Hi Jess, first of all, respect for your courage of tackling the TABU topic of “Why one doesn´t volunteer” and you also tackled it courageously in a personal way. Although I am on another side of the discussion, probably being able to give hundreds of reasons for volunteering, since if done properly, volunteering “workforce” can do change and support comunities, and also it is beneficial for volunteers (yes, volunteers benefit a lot from doing their jobs for free, and many times no other experience can replace it). However, I totally agree that volunteering IS NOT FOR EVERYONE. I saw one comment above mentioning the sad reality of unreliable NGOs and their projects. I can add to that businesses that charge loads for matching volunteers with the projects abroad. The volunteer work has become a global MARKET, where you can both find GOOD and BAD-DOERS. So, being cautious is highly recommended. Being a life-volunteer myself and an idealist, I have started my own NGO (funded from Chilean governmental programme) called VOFAIR.ORG (stands for VOlunteer FAIRly) that verifies and certifies good volunteer projects. I have to be honest, I am at the begining of a long and difficult path. Therefore, via this forum, I´d like to call for people who would like to help me on the mission – to bring transparency to the world of volunteering. Many thanks for this article again. It definitely broke the tabu Paulina at vofair.org
Monday 11th of February 2013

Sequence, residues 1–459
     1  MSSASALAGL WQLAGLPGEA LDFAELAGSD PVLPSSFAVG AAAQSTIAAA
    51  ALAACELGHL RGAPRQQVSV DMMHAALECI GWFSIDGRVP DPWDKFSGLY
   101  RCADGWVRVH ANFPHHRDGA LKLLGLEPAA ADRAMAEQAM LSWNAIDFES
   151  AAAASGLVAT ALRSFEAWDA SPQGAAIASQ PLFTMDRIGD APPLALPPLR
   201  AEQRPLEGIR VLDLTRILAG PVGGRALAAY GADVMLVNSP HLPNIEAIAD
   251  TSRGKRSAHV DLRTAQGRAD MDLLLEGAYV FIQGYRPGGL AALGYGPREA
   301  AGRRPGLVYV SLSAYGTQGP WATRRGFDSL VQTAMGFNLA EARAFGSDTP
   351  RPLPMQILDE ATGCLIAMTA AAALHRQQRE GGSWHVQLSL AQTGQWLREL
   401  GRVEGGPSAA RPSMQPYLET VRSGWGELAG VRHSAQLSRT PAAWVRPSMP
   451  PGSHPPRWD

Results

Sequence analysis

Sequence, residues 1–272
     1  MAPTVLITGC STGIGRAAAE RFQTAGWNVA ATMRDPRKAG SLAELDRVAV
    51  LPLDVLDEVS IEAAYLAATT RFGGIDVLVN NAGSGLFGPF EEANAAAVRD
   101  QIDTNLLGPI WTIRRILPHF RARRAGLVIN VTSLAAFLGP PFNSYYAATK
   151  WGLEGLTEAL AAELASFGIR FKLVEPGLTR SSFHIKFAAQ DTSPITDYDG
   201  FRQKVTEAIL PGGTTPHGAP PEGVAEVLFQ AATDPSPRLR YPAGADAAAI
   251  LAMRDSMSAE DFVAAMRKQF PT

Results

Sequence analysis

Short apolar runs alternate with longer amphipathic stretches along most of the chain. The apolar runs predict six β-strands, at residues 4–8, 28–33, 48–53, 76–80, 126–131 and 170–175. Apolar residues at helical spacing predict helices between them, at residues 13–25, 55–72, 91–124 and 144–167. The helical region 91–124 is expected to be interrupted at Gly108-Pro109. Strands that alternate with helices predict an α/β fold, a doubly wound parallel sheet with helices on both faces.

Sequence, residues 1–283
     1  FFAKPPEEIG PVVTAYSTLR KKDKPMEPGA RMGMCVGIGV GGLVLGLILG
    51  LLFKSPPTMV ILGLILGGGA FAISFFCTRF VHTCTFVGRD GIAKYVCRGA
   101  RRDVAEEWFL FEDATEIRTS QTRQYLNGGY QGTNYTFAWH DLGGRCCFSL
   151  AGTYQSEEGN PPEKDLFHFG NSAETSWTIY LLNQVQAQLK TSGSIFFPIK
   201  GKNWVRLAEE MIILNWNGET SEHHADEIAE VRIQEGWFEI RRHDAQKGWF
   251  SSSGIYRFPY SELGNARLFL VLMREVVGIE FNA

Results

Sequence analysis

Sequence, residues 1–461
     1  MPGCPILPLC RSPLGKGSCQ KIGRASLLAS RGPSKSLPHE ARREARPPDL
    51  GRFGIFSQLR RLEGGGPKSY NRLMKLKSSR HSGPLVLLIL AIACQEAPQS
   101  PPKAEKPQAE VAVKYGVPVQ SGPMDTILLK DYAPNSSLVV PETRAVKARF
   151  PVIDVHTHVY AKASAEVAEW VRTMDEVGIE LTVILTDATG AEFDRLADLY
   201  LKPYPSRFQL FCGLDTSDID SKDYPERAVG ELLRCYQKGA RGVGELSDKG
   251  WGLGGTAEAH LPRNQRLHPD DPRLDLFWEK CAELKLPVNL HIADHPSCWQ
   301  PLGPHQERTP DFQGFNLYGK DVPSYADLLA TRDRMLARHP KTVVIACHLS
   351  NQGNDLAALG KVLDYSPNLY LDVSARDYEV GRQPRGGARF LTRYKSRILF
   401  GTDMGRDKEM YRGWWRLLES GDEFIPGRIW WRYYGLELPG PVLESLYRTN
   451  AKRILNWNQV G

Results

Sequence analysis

first of all, respect for your courage of tacklyng the TABU topic of "Why I don´t one volunteers" and you also tackled it courageously in a personal way. Although I am on another side of the discussion, probably being able to give hundreds of reasons for volunteering, since if done properly, volunteering "workforce" can do change and support comunities, and also it is beneficial for volunteers (yes, volunteers benefit a lot from doing their jobs for free, and many times no other experience can replace it). However, I totally agree that volunteering IS NOT FOR EVERYONE. I saw one comment above mentioning the sad reality of unreliable NGOs and their projects. I can add to that businesses that charge loads for matching volunteers with the projects abroad. The volunteer work has become a global MARKET, where you can both find GOOD and BAD-DOERS. So, being cautious is highly recommended. Being a life-volunteer myself and an idealist, I have started my own NGO (funded from Chilean governmental programme) called VOFAIR.ORG (stands for VOlunteer FAIRly) that verifies and certifies good volunteer projects. I have to be honest, I am at the begining of a long and difficult path. Therefore, via this forum, I´d like to call for people who would like to help me on the mission - to bring transparency to the world of volunteering. Many thanks for this article again. It definitely broke the tabu :)